COVID-19 has reshaped our personal relationships. Life in lockdown has forced us to live in close proximity to one another and balance work, children, homeschooling and finances during an already stressful time. On the other hand, social distancing has isolated us from our friends, family, communities and activities that we once enjoyed.
Although we are beginning to see some sense of what used to be normal, it is not to say that the experience of the pandemic hasn’t left some of our relationships somewhat fractured.
If you haven’t been accustomed to working at home with your partner and then suddenly found yourself around each other 24/7, well that requires an adjustment and a new way of relating. If the relationship was dormant and you were living day to day, the lockdown and lack of activity outside the home has accentuated all that was wrong. What we were able to overlook at one time, we can no longer tolerate. COVID-19 coping skills need to be implemented.
This does not mean that your relationship is doomed. Reframing how you perceive this can lead to a healthier way of communicating and getting along. Recognizing that COVID-19 took us all by surprise and that we have been dealing with a great deal of stress for the last four months is enough to change any family system. It is not only stress we have been dealing with, but also fear. Fear of the unknown, fear of one of us getting the virus and fear for our loved ones. Many of us are grieving the loss of our loved one and grieving the pain of a proper farewell.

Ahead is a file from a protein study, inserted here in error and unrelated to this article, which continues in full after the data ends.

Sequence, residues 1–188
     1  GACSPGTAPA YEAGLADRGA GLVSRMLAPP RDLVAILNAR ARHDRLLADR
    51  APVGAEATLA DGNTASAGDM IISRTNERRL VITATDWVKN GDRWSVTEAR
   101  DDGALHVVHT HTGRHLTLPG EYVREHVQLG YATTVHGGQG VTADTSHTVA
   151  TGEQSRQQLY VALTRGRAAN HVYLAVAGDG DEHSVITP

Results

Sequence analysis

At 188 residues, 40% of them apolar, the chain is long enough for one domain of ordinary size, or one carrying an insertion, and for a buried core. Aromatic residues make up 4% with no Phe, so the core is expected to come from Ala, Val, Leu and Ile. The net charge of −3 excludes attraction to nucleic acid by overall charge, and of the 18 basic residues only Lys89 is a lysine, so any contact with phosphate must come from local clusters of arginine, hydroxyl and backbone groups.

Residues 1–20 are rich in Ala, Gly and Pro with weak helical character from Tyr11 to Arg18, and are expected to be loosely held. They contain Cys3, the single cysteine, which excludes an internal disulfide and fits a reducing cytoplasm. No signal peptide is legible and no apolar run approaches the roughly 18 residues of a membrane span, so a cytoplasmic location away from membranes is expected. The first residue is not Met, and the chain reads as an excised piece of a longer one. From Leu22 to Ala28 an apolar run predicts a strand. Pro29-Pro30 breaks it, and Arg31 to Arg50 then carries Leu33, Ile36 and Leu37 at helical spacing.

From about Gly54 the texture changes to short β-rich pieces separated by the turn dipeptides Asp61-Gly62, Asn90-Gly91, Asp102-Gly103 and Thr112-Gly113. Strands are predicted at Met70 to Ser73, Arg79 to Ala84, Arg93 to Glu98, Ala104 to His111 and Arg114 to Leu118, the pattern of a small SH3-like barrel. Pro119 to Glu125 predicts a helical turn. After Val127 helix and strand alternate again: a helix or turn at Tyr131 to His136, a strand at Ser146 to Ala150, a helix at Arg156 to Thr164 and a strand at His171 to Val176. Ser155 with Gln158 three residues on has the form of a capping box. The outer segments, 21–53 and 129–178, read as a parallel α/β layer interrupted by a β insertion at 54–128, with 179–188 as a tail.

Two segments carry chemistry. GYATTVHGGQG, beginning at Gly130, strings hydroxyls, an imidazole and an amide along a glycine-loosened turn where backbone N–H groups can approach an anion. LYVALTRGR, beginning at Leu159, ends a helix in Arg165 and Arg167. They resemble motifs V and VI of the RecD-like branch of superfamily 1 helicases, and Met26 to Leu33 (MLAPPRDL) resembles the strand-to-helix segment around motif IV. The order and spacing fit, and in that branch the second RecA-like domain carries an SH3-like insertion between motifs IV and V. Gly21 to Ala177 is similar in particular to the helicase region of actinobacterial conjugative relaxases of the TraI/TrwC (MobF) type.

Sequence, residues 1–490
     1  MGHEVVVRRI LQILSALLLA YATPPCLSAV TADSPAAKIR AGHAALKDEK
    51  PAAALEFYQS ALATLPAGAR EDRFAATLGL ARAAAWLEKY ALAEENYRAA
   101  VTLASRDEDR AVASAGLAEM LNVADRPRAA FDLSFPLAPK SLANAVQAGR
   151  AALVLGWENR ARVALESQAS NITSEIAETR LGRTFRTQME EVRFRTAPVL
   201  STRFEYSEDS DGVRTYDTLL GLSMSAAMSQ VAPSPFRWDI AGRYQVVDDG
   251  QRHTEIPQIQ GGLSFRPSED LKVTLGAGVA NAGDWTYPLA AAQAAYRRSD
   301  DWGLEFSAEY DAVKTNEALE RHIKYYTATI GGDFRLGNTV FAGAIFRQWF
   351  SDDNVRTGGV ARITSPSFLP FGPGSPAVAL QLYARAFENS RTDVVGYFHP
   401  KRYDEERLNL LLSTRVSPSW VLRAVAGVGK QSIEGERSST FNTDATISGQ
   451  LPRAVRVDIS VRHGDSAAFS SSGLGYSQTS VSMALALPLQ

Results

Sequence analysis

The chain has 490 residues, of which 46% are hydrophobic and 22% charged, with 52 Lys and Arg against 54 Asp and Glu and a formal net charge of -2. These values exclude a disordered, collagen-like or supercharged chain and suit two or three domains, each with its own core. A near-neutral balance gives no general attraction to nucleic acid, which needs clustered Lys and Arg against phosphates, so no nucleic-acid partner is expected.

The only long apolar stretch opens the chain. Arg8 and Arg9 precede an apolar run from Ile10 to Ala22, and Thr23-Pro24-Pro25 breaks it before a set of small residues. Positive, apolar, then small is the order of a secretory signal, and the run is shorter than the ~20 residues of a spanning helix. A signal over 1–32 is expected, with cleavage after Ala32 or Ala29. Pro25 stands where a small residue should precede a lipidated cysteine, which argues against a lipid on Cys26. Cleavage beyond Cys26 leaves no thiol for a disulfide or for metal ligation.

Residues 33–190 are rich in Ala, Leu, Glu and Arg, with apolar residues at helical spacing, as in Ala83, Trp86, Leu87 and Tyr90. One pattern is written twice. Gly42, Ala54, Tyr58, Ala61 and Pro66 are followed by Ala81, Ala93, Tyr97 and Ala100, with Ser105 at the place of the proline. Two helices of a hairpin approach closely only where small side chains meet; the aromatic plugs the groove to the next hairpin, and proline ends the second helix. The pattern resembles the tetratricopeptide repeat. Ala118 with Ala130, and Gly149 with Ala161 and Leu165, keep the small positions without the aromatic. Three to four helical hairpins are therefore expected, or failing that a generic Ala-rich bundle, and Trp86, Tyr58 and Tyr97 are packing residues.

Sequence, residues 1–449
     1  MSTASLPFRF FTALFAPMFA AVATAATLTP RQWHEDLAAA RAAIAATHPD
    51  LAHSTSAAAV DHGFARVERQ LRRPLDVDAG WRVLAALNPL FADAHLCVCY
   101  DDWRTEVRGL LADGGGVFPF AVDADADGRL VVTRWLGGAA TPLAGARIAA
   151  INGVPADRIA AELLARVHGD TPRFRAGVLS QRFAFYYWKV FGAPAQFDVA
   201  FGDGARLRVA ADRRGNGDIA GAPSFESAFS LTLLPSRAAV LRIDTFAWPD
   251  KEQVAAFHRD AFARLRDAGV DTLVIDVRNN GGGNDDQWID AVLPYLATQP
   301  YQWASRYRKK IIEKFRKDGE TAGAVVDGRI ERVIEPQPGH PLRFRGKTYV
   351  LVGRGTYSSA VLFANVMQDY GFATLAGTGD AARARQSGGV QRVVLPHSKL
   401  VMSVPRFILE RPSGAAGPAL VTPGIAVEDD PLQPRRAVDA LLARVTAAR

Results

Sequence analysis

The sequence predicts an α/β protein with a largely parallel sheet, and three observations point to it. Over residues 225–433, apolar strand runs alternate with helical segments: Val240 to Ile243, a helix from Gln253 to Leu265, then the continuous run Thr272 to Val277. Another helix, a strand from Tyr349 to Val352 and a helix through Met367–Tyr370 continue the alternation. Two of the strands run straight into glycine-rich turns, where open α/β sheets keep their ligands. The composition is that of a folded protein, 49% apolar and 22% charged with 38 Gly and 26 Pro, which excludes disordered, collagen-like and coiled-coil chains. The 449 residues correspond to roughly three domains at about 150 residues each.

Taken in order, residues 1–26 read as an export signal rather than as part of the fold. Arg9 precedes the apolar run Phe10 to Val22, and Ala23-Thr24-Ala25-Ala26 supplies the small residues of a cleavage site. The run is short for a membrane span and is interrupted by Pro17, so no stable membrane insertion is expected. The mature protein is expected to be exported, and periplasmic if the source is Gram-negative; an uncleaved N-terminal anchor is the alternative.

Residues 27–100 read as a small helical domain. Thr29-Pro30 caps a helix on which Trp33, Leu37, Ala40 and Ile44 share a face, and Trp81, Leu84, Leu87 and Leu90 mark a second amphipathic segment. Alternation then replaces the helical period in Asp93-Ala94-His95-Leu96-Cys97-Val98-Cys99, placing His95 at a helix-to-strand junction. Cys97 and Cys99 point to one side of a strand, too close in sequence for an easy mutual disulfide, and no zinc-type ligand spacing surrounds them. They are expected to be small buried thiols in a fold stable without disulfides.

In 1967, psychiatrists Thomas Holmes and Richard Rahe decided to study whether or not stress contributes to physical illness. They devised a stress scale that can score your stress levels based on significant life events. The event with the highest score for stress was death of a spouse, followed by divorce and then marital separation. I think that today Dr. Holmes and Dr. Rahe would add pandemic to this stress scale. Stress can affect us physically, mentally and emotionally.
When I am seeing patients in my practice today, my first question is always “Did this exist prior to COVID-19”? Most often I hear “not really.” Other times I hear there were some problems prior to COVID-19 but that living together around the clock, has exacerbated whatever was already wrong.
It is important for us to take into account all that we have been through during these last few months and recognize our country is still struggling with COVID-19. Consider the amount of stress you, your partner and your family have experienced and do not make any abrupt decisions regarding your relationship. Let’s give this stress some time to settle and seek professional help before calling it quits.
We make all kinds of rash decisions under stress. In all of my grief groups, I counsel and inform people to not make any major decisions once there has been a loss of any kind. Let the dust settle and think things through rather than acting quickly on what might feel right at the moment.
On the other hand, if you are living in an abusive relationship, please seek help immediately and call Domestic Violence Hotline at 1-800-799-7233.
At The Hellenic Therapy Center, 567 Park Avenue, Scotch Plains, New Jersey we are currently offering Zoom, FaceTime and Phone sessions. Call us at 908-322-0112 or visit us at www.hellenictherapy.com or Facebook.com/HellenicTherapy.